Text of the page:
My candidate was called first, out of courtesy to me, and the head of the Board opened on him with official solemnity:
"The rule requiring four generations of nobility or else the candidate is not eligible."
"Sire, the Board finds this candidate perfect in all the requirements and qualifications for military com- mand, and doth hold his case open for decision after due examination of his competitor."
Bygrave to give him any assistance; he would confer, when they got to their journey's end, with the landlady of the hotel, and would examine the candidates
for the vacant office himself.
He would be both ashamed and afraid to bring forward, for the most distinguished or lucrative stations, candidates
who had no other merit than that of coming from the same State to which he particularly belonged, or of being in some way or other personally allied to him, or of possessing the necessary insignificance and pliancy to render them the obsequious instruments of his pleasure.
There was an open carriage-and-four, for the Honourable Samuel Slumkey; and there were four carriage-and- pair, for his friends and supporters; and the flags were rustling, and the band was playing, and the constables were swearing, and the twenty committee-men were squabbling, and the mob were shouting, and the horses were backing, and the post-boys perspiring; and everybody, and everything, then and there assembled, was for the special use, behoof, honour, and renown, of the Honourable Samuel Slumkey, of Slumkey Hall, one of the candidates for the representation of the borough of Eatanswill, in the Commons House of Parliament of the United Kingdom.
Upon this terrific denunciation, the supporters of the two candidates interfered, and after the friends of each party had quarrelled in pairs, for three-quarters of an hour, Horatio Fizkin, Esquire, touched his hat to the Honourable Samuel Slumkey; the Honourable Samuel Slumkey touched his to Horatio Fizkin, Esquire; the band was stopped; the crowd were partially quieted; and Horatio Fizkin, Esquire, was permitted to proceed.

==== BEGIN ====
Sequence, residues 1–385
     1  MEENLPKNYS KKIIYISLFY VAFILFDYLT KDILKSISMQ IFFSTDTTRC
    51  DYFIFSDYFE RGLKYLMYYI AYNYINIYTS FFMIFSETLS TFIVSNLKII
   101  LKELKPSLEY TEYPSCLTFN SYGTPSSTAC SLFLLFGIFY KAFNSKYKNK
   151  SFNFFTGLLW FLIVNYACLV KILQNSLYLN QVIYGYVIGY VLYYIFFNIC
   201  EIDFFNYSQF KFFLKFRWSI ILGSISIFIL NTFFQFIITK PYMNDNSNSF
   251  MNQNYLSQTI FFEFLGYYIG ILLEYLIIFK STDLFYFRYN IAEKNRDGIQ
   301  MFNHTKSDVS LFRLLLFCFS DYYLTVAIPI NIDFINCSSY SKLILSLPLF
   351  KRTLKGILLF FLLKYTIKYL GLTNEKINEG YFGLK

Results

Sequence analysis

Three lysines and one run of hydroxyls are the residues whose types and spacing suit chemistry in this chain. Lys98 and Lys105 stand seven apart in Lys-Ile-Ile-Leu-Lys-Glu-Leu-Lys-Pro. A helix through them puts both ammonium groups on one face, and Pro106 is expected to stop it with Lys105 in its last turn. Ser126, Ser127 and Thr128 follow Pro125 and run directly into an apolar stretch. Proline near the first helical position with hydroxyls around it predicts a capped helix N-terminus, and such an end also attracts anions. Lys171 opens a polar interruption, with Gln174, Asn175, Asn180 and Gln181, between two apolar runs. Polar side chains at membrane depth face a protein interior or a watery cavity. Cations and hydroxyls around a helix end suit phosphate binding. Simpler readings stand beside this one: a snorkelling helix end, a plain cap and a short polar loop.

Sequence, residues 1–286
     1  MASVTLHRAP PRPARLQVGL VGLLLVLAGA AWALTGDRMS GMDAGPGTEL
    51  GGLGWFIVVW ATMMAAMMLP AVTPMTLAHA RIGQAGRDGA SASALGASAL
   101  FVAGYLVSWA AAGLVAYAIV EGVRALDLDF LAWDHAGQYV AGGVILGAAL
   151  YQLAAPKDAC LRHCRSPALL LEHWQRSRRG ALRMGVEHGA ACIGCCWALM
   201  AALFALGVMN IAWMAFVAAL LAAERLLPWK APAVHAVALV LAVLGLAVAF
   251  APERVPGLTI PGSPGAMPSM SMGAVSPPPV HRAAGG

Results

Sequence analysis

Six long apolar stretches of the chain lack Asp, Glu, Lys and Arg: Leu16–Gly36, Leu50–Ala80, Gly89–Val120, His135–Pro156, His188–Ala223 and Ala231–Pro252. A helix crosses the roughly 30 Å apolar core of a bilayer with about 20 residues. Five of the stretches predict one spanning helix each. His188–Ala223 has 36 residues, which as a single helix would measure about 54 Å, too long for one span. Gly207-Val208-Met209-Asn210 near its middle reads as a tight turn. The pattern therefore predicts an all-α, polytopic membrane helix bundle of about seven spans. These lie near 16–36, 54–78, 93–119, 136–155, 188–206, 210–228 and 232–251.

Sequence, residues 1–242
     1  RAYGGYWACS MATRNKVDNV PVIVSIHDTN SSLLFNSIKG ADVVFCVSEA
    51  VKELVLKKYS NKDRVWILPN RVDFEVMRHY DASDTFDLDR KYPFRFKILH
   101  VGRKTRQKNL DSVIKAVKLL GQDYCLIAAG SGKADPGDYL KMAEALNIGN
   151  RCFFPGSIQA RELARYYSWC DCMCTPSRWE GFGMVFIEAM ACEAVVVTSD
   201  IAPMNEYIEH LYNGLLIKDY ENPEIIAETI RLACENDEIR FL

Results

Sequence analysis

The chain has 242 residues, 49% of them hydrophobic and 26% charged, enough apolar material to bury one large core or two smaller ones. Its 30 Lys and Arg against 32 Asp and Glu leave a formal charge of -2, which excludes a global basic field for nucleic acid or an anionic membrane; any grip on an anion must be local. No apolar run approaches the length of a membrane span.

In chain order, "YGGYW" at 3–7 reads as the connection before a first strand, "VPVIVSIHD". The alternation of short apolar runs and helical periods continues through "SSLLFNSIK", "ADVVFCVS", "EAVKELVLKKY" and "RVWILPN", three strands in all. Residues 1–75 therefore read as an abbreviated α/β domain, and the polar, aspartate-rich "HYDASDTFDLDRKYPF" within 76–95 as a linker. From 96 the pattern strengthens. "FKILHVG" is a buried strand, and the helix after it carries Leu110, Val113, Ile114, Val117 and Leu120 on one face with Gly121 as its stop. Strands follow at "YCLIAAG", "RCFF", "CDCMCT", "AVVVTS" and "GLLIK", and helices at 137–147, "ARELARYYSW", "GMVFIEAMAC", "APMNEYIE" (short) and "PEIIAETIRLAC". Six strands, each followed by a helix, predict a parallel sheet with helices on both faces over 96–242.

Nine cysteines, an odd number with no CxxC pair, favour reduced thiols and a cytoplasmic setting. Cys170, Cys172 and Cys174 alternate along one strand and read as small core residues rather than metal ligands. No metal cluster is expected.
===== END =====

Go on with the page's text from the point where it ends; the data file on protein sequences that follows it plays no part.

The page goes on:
He certainly knew much more about rural problems than either Hughes, the Reform candidate, or Verner, the Constitutional candidate.
As he strode up a village street, brooding thus, his eyes encountered a complete contrast in the face of his other rival, the Reform candidate. Eric Hughes, with his blown blond hair and eager undergraduate face, was just getting into his motor car and saying a few final words to his agent, a sturdy, grizzled man named Gryce.
But Hawley tells me that if they send up a Whig at all it is sure to be Bagster, one of those candidates
who come from heaven knows where, but dead against Ministers, and an experienced Parliamentary man.
I myself have seen two or three candidates break a limb.
The ceremony is performed in his majesty's great chamber of state, where the candidates are to undergo a trial of dexterity very different from the former, and such as I have not observed the least resemblance of in any other country of the new or old world.